I recently had a pre-conference with man in his mid-forties who had been described to me as “prickly and difficult.” He had accosted two university staff members after not getting the outcome he wanted and was still very much so dwelling in the anger of the encounter, unable to take responsibility for his own negative behavior.
When we teach people about restorative justice, one of the biggest push-backs we get is about the issue of responsibility taking. A restorative justice process can only go forward if the person who caused harm is taking responsibility for their actions. Across the board, whether in the criminal justice system, the workplace, schools, or community groups, people being introduced to restorative justice often explain that a very high percentage of the people they work with do not take responsibility for the behavior, and therefore they worry that the potential of the restorative justice process is severely limited.
The answer to this concern, in my opinion, is to look carefully at the first interaction with people who are being approached on account of some negative behavior. Whether this is in the criminal justice system, a workplace or a school, often the first step is for the person who caused the harm to receive an (often written) declaration of exactly what they have done wrong. In criminal justice, this may be a police report or the criminal charges. In the workplace, it is often a letter from HR, letting them know there has been a complaint. In schools, it may be a summoning to the principal’s office, a letter home, or the documentation of disciplinary proceedings.
Rarely does the whole process begin by asking the person one simple question: “What happened?”
When we receive an outside account of our behavior, there is a natural urge to want to explain what happened, to push back against the partial-understanding of the incident. It isn’t the full truth, so it is easy to reject in the frustration of not being heard.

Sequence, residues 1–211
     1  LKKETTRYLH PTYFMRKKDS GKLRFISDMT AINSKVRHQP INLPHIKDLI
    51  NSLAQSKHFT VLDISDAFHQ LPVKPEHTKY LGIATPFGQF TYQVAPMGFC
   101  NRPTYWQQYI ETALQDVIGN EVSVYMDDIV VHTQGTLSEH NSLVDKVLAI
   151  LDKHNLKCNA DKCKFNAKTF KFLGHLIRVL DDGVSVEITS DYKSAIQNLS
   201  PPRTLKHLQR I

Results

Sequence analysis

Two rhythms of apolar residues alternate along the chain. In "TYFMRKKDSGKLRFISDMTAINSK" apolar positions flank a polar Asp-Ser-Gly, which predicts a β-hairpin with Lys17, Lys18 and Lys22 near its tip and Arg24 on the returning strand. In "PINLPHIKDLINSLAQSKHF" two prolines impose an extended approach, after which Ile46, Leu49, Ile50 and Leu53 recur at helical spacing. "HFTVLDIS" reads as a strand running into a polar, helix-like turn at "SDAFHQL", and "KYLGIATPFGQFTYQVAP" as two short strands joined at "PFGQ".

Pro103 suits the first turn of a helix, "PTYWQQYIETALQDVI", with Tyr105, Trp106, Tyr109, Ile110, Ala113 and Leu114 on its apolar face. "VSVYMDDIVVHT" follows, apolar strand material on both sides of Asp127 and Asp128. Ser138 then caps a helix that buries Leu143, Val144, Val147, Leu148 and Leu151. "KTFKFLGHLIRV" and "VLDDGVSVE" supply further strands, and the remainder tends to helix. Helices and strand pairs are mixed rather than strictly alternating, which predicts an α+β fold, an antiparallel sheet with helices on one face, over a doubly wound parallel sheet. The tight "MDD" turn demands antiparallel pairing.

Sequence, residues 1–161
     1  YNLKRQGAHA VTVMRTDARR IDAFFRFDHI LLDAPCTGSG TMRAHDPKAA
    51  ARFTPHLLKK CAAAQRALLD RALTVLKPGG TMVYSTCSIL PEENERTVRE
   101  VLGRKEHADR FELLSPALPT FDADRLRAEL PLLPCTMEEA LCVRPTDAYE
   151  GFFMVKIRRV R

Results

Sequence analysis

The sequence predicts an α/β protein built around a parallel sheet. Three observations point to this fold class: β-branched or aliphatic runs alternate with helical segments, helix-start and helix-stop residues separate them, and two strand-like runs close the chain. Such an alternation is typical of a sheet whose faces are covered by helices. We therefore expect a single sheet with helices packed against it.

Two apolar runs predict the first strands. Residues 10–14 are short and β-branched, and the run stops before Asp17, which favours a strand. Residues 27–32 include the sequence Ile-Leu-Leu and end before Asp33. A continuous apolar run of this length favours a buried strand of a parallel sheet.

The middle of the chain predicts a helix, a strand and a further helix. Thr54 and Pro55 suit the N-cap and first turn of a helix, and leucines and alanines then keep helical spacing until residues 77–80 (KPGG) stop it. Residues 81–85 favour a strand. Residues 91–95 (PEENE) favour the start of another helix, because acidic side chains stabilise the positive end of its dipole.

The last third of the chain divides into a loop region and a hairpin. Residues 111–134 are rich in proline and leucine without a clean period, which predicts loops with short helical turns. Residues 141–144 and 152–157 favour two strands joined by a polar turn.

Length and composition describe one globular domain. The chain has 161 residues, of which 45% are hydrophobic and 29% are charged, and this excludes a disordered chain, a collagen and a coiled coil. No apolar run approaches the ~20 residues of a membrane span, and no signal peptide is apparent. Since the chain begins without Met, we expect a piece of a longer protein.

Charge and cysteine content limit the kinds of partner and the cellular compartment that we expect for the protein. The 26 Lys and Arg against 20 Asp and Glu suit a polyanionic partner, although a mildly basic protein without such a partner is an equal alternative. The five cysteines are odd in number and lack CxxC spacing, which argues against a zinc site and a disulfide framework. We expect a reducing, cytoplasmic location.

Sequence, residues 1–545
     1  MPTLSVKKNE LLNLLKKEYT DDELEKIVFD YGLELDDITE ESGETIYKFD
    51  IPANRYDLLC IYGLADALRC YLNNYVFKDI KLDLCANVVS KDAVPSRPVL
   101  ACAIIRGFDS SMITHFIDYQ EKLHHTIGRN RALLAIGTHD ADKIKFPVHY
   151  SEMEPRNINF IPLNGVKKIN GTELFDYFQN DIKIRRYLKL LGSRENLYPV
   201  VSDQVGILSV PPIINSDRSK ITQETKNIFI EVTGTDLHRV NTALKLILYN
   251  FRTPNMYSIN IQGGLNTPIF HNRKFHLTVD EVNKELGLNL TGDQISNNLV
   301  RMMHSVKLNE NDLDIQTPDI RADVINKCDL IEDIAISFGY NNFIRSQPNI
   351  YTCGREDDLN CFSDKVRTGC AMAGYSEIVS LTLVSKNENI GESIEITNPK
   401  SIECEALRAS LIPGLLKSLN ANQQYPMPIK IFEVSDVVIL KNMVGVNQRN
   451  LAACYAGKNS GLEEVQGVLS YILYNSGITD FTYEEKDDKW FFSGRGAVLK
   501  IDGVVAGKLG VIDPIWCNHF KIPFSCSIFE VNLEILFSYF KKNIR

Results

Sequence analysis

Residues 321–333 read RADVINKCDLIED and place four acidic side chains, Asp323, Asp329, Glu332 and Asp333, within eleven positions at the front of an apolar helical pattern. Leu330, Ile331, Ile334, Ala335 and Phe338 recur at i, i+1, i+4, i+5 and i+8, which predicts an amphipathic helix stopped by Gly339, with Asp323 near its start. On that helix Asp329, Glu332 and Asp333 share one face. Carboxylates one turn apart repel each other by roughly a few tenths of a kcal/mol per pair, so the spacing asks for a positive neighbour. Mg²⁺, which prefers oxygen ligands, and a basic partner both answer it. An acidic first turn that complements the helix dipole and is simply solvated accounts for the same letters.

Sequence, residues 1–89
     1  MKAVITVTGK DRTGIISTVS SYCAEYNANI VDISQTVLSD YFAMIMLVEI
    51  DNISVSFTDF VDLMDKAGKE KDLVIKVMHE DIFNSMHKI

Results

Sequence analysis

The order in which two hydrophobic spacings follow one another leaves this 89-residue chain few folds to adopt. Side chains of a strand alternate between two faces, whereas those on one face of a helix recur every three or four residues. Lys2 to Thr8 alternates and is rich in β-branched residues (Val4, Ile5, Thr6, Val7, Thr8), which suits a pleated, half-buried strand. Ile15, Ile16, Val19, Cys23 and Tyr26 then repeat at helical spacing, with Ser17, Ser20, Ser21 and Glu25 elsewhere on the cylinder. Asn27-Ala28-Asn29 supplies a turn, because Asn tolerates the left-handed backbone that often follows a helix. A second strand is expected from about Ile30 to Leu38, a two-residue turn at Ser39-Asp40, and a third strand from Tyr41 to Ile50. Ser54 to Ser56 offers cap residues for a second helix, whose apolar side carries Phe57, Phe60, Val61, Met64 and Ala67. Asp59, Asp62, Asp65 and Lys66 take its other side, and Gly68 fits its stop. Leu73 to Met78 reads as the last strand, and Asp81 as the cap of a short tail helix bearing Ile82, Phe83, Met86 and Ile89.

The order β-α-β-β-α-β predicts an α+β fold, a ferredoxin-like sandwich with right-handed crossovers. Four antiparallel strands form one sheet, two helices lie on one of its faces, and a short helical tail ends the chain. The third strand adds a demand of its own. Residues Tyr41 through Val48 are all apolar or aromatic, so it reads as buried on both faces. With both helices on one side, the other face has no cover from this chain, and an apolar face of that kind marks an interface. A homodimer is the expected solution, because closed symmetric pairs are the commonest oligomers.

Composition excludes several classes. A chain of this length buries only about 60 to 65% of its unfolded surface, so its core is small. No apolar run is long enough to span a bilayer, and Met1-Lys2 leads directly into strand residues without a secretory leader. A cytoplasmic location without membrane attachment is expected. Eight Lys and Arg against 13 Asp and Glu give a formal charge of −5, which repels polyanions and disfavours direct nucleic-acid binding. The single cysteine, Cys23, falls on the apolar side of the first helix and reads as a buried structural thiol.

When we instead open the response to a negative incident by asking in a non-judgmental and authentically curious way, “What happened?” there is an opportunity to hear the whole story. In my experience, the person who caused the harm is far more likely to take responsibility for the negative behavior when it is understood in the context of the entire story.
After taking some time to build up relationship and trust with the client described above, I asked him to tell me what happened. What followed was a heart-wrenching account of a series of devastating occurrences in his own life that led up to the incident with the university staff. While not excusing the behavior, the history did help to contextualize it, and made the client feel seen as a full person outside of the one incident we were there to discuss. After sharing the contributing factors in his life, he was ultimately able to take responsibility and express remorse for the way he had harmed the staff members. We were then able to shift into talking about the impacts and brainstorming ideas for what he could do to make things right. However, none of that exploration would be possible without first giving him the chance to explain to caring and empathizing facilitators what happened.